By: Kritika Thukral
The Labor and Employment Law Blog
Mandatory arbitration agreements are a source of contention in employment law. However, since 2000, they are generally permissible in California. In response, the California Legislature has made repeated efforts to ban such agreements over the years. In the past, many such bills have passed both the state assembly and the state senate and have ended up on the Governor’s desk. However, none of the bills have been enacted into law. Nevertheless, Assemblywoman Lorena Gonzalez from San Diego has introduced Assembly Bill 51 (AB 51) in the current legislative session. This bill is nearly identical to the previously vetoed measures to make mandatory arbitration agreements illegal.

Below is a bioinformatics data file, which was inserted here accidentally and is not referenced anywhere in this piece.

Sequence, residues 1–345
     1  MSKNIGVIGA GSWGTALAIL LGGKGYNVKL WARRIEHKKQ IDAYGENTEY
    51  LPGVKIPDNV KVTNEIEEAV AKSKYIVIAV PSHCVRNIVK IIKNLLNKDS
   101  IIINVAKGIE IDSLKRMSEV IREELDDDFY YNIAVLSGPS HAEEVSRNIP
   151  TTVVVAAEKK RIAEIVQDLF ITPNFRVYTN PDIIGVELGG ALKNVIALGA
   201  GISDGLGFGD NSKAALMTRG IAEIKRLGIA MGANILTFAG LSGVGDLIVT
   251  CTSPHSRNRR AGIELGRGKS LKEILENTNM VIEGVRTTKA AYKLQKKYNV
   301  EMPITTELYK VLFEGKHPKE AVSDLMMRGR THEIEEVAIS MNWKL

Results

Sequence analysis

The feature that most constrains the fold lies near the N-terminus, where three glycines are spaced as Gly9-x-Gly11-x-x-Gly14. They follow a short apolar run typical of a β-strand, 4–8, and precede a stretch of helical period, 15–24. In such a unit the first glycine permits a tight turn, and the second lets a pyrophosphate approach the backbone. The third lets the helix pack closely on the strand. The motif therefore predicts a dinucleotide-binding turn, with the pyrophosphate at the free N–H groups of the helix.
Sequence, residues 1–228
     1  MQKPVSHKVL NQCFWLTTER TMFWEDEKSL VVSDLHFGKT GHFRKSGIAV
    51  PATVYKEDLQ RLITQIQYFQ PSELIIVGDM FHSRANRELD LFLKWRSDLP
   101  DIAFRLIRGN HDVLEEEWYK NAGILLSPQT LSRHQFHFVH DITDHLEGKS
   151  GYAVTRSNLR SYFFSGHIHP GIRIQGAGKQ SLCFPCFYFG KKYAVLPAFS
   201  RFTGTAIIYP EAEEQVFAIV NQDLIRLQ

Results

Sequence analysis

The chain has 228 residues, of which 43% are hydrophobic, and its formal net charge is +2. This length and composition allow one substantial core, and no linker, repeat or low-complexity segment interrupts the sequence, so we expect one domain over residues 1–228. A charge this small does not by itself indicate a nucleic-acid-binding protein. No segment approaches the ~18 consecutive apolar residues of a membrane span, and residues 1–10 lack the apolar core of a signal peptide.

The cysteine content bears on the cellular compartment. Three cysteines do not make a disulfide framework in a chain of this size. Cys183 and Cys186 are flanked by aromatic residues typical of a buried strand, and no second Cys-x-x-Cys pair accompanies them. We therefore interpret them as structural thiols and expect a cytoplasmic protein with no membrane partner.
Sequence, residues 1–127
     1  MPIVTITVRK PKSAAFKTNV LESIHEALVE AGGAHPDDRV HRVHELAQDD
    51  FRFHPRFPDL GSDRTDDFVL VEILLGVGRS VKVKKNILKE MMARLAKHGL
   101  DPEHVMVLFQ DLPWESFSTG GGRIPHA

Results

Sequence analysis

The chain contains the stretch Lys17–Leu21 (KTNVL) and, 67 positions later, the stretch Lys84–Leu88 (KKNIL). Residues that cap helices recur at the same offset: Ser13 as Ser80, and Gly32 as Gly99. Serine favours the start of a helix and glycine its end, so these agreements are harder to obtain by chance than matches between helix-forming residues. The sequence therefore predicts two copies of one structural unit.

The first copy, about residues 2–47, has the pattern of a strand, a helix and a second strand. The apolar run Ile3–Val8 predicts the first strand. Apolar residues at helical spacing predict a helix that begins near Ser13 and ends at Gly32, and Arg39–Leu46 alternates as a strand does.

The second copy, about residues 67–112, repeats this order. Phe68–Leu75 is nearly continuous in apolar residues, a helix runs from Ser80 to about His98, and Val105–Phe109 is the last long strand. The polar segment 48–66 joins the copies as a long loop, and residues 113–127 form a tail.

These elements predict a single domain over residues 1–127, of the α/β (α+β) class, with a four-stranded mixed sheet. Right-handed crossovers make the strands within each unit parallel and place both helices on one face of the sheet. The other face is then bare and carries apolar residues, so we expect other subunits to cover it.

As of April 10, 2019, AB 51 has been referred to the California Assembly Appropriations Committee and has been placed on the suspense file. If the file is in suspense, it means the bill will be held in appropriations for further review (i.e., to determine whether the bill is worth the cost). Then, appropriations will have a hearing at some point to determine whether it comes off suspense, goes out of appropriations, and onto the assembly floor for a vote.
Much like the predecessor bills, AB 51 may end up on Governor Gavin Newsom’s desk. However, it is too soon to tell whether or not Governor Newsom will conform to his predecessors on this issue. Stay tuned.
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